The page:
For example, in server-side rendering, the server contains the website’s contents. Upon a request, the browser receives the fully-rendered HTML.
The third option for rendering is dynamic rendering, where content rendered at the client-side goes to the browser, whereas the content rendered at the server-side goes to the search engine(s).
The rendering techniques affect how JS is rendered and hence the page rankings.
- Fetches a URL from the crawling queue via the HTTP request
- Checks the robots.txt file for URLs that the site does not allow for crawling
- Skips the ‘disallowed’ URLs, parses the response for other URLs, and adds them to the crawl queue
- Queues the pages for rendering, except those that are marked to be not indexed
- Parses the rendered HTML again for links
- Queues the URLs for crawling
|On-page element||Potential SEO issue||Possible SEO solution|
|Metadata||Unless the site uses Node.js packages like vue-meta, search engines may be crawling the same or, worse, no metadata for each view or page.||Use Node.js packages like react-helmet, vue-meta, react-meta-tags|
|Lazy-loaded images||Search engine crawler does not pick any content that’s marked for lazy-loading. The search engine cannot scroll for content, and hence some content may never be rendered.||Use the IntersectionObserver API, which understands the visibility and position of DOM elements once they are available. You can also use the native lazy-loading feature of the browser (Chrome).|
By following some of the best practices, we can get search engines to crawl and render the pages better:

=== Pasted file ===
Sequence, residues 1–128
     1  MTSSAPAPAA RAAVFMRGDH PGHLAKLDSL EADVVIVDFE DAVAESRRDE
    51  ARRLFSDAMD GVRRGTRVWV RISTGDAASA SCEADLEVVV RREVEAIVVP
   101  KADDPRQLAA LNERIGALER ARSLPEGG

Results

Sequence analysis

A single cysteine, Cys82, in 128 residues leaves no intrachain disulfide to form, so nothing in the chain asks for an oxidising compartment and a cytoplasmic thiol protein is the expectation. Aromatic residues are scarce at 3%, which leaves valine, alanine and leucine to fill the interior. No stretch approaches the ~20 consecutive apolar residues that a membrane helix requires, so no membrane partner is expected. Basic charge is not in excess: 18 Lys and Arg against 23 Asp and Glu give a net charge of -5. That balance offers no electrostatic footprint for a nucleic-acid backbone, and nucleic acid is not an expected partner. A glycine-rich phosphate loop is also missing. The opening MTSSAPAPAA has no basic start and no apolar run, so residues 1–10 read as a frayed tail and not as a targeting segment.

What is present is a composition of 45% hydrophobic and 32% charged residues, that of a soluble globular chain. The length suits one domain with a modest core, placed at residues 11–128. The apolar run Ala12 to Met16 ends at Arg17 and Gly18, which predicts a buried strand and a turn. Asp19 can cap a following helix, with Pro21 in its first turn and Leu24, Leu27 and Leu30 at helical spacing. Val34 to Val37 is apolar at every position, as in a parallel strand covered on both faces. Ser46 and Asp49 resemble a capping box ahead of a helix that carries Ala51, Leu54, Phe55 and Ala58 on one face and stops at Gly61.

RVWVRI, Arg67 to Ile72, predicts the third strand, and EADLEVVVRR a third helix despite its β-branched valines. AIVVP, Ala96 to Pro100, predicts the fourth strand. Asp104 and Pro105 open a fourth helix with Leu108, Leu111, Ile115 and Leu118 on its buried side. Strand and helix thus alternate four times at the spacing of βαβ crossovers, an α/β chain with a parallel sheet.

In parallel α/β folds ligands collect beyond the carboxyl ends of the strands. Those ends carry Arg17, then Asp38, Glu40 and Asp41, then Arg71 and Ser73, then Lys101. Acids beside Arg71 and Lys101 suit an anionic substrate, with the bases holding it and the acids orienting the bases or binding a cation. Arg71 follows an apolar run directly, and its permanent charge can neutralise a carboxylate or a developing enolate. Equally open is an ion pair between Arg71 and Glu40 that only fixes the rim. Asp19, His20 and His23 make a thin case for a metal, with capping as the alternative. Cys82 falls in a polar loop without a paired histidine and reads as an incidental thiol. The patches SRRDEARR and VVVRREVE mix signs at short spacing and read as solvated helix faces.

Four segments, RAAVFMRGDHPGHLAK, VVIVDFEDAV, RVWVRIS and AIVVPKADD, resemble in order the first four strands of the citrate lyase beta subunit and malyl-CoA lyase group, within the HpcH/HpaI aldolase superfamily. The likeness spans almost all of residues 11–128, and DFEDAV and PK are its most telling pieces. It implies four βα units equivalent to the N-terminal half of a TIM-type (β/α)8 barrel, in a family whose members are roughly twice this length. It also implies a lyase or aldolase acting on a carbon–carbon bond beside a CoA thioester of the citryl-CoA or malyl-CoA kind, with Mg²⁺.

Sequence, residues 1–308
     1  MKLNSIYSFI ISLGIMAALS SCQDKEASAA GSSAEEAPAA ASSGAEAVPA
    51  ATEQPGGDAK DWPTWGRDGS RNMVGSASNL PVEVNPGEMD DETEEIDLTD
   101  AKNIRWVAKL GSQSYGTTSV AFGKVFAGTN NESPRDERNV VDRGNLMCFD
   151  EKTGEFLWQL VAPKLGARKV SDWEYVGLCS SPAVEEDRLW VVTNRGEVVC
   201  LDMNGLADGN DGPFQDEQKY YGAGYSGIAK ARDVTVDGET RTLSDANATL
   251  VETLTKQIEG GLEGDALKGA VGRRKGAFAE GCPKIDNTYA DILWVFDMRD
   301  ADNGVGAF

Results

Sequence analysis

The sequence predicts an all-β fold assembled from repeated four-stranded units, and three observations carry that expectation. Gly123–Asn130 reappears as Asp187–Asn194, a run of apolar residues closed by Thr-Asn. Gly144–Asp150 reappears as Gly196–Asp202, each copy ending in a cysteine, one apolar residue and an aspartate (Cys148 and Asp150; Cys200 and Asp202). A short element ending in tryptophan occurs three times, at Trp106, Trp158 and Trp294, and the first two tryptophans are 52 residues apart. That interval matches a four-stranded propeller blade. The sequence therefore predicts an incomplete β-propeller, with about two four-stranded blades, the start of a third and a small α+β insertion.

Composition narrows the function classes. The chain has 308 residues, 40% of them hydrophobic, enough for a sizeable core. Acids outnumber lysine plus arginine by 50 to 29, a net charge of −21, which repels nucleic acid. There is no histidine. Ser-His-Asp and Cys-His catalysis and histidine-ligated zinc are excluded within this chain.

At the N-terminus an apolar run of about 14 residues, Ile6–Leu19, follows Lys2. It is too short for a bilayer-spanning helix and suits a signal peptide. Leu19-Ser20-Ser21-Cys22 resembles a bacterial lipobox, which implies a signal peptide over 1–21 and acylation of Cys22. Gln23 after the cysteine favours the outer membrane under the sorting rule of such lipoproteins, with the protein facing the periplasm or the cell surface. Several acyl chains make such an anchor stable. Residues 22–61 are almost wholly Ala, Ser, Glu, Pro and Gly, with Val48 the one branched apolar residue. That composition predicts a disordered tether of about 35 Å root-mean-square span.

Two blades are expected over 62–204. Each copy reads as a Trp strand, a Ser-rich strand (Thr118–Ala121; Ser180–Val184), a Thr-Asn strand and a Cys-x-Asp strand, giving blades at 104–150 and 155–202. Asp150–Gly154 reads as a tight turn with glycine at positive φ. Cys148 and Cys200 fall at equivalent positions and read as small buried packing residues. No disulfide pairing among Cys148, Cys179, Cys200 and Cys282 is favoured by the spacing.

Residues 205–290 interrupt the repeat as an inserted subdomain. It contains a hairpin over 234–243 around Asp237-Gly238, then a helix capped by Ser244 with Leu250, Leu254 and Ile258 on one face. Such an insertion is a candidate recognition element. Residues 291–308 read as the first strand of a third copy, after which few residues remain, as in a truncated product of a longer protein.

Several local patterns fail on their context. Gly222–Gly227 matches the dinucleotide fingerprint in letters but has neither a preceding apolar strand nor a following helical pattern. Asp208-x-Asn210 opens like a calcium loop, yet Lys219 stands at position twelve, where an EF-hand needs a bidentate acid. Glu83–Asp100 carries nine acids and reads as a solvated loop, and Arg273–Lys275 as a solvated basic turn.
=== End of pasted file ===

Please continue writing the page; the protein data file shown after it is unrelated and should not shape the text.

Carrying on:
Add links and images as per defined web standards
Add all the links using the
ahreftag rather than
window.location.href='/page-url. Google can easily crawl the links and follow them.
<a href=”http://geekflare.com”>Welcome to Geek world</a>
Same way, add images using the
img src tag and not the
img data-src tag:
<img src=”myimg.png” />
Prefer server-side rendering
Make sure your website content is available on the server apart from the user browser.
Ensure your rendered HTML has all the important content you want to show
The rendered HTML should have the correct title, meta robots, meta descriptions, images, structured data, and canonical tags.
- Check if Googlebot gets all the important content and tags: You can use the Google mobile-friendly test tool or the rich results test tool to check how Googlebot uses the raw HTML to render content.
- You can check for the important tags (title, meta description, etc.) on the rendered HTML using the SEO Pro Chrome extension.
You may also check some of the best ways to decrease website loading time.